Heart of London - eye et al

Heart of London - eye et al

There have also been a couple of social events such as my very good friend’s hen-do and wedding, and then a family friend’s wedding, and new born babies to visit and re-unions with old family friends, and then last but by far not the least – the private view of the MA Visual Arts Degree Show at Camberwell!

I almost forgot about this amongst all the craziness. Simon kindly reminded me and so I ventured over after work (tired as I was) and was glad I went. Nearly half the people on my bus got off at the same stop as me and looked like they were heading the same way. I rushed off ahead not wanting to get caught behind slower walkers 😉

The presentation of work was great. Having seen the space and the prep needed beforehand made it even more remarkable to see the finished product. Students also made the effort to dress up which gave a professional look to the event as a whole. And we got the chance to mingle with fellow students we hadn’t had the time or the chance to speak to before. I even discovered rooms on the upper floors that I never knew existed!

The work was of a great quality and I was impressed with the outcomes of a lot of the projects – including from students of other pathways such as Graphic Design, Drawing, Book Arts and Illustration.

Here are a few photos I took of the show (on quieter days):

Poster seen on entering basement - with a map of artists space

Poster seen on entering basement - with a map of artists space

Susana Anagua's Ir(reversible Systems)

Susana Anagua's Ir(reversible Systems)

The projected video can be seen on Susana’s blog with more images too: http://anagua.wordpress.com/

Wei Wen's - Chinese Calligraphy piece

Wei Wen's - Chinese Calligraphy piece

The video that was projected on to the open book above can be viewed on Wei’s blog here: http://zulovelife.wordpress.com/

Kenji Ko's 040908/040909

Kenji Ko's 040908/040909

See and read up on the background of Kenji’s project here: http://kenjiko.wordpress.com/

Simon Ball's - On Getting Lost in the City

Simon Ball's - On Getting Lost in the City

Simon Ball's - On Getting Lost in the City (head on view of wall)

Simon Ball's - On Getting Lost in the City (head on view of wall)

More can be seen and read of Simon’s piece on his blog: http://simonthebold.wordpress.com/

Have a seat. Zai Tang's Sonorous City

Have a seat. Zai Tang's Sonorous City

Isaac seated and all ears whilst experiencing Zai Tang's Sonorous City

Isaac seated and all ears whilst experiencing Zai Tang's Sonorous City

Read and see more on Zai’s blog: http://zaitang.wordpress.com/

The rest of my images came out really blurry so you’ll have to visit the MA Digital Arts web site to see more student work: http://mada2009.madigitalarts.co.uk/

The next two days I was down for the AM shift of invigilating. The time flew fast and I got to know Ayhan Oensal (http://log.oensal.net/), an online student who was exhibiting in the show and also invigilating. His work is about raising awareness of HIV/Aids and is done so through a short video which has a narrative open for interpretation.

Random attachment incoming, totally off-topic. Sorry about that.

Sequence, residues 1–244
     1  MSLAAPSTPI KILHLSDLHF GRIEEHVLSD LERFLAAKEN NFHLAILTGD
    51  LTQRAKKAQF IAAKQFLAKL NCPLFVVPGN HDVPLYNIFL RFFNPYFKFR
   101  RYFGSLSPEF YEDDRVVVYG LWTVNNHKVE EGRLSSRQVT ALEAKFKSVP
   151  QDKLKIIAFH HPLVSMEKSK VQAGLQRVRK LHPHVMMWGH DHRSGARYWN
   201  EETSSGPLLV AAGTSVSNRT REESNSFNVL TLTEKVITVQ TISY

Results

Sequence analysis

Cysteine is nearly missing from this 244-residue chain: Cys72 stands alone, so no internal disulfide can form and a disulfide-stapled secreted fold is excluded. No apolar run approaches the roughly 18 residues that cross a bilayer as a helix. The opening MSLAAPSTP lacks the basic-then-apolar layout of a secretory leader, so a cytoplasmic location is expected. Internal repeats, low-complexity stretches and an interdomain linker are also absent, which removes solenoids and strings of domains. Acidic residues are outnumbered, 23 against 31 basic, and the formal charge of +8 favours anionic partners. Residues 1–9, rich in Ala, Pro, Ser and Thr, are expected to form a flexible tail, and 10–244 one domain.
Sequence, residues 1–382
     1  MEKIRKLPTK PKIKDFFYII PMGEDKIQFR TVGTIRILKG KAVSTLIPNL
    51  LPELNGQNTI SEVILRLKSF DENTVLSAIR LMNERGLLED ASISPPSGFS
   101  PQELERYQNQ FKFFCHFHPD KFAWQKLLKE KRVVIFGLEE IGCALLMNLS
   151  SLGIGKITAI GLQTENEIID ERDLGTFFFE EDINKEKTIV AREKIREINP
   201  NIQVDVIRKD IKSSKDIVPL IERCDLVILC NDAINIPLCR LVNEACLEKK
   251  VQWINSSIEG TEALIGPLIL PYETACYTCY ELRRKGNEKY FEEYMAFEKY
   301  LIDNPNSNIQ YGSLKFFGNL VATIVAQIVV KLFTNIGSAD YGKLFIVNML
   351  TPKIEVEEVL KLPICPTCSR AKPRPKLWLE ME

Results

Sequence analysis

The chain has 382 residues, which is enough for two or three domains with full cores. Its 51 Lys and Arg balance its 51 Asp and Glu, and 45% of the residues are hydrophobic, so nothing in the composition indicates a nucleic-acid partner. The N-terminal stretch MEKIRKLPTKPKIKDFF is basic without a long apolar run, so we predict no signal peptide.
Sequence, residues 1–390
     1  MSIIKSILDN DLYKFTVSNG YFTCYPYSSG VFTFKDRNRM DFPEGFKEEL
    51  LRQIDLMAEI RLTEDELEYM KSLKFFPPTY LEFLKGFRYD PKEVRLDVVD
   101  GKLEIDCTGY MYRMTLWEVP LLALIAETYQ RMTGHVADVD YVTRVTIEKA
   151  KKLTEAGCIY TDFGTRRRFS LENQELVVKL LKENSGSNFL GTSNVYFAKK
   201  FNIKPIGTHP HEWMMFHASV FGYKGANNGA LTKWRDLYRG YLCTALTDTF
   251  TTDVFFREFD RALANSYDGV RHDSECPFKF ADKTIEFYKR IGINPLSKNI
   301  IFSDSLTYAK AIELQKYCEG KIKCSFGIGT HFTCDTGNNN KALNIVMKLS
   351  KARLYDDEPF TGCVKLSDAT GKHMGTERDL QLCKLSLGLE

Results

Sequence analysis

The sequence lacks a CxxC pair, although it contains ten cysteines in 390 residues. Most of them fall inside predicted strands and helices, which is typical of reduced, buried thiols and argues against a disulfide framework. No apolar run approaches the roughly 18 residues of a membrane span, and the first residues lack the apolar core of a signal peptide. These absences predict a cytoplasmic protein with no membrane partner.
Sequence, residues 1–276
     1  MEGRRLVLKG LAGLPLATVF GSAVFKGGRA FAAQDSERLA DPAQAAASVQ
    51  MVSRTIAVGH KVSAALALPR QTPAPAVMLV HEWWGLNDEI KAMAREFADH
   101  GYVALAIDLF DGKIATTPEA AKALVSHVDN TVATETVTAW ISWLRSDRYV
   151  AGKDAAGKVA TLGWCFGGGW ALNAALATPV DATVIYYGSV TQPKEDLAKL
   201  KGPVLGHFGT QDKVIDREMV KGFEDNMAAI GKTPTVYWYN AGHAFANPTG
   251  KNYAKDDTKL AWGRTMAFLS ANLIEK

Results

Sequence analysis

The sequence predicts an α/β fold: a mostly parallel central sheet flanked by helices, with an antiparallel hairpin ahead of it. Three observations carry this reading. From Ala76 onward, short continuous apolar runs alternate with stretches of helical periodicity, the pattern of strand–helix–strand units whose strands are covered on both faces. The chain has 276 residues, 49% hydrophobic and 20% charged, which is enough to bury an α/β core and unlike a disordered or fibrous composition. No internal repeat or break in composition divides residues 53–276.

I will miss the students that have now finished the course. They were a great lot to be amongst with good knowledge of their various fields of expertise/practise. The added varying senses of humour and the general good company they provided resulting in the year passing very fast was a very positive aspect of being at Camberwell. I hope the next academic year goes just as well or even better!

Identifying a line of inquiry – which one?

October 11, 2008

On my way to uni on Wednesday I decided that maybe it would be a good idea to formulate my ideas and project aims and objectives as best I could. I started writing notes most of the journey and, as it had been about a week since I had fully concentrated on summing up my project in such a way, I think it helped to make it more structured in my head. I was able to sum up the links a bit better than before. This is what I came up with in relation to the two key words ‘Shapes’ and ‘Space’ being components of a possible working title:

The first two words are key as they sum up the elements that the areas of research I will be looking at are anchored by. In other words you can always relate the subject areas, I am interested in, back to one of these words if not both.

We usually think of shapes as pre-defined areas of outlined space that have specific names. We’ll grow up knowing that these named shapes have properties that allow the shapes to be classed within certain gropus of shapes too. So a square is made of of 4 right angles at each corner and 4 sides. A triangle with three sides and of various angles and combinations of these.

But can a shape alway be defined? And should it be defined? And how about those shapes which have properties or characteristics that are overlooked? And which characteristics should we look more closely at because they’ve been overlooked in the past?

The second key word is space. My use of the word implies many senses of space including the mathematical and the scientific (these I believe overlap in some sense), as well as the physical, perceptual and conceptual. I cannot restrict my meaning at this point. I have no reason to restrict until I have conducted more research and found a reason to do so.

What about white space? Is it real? Does it mean something to everyone? What is it’s role? Is it intentional? Should it be identified in more places?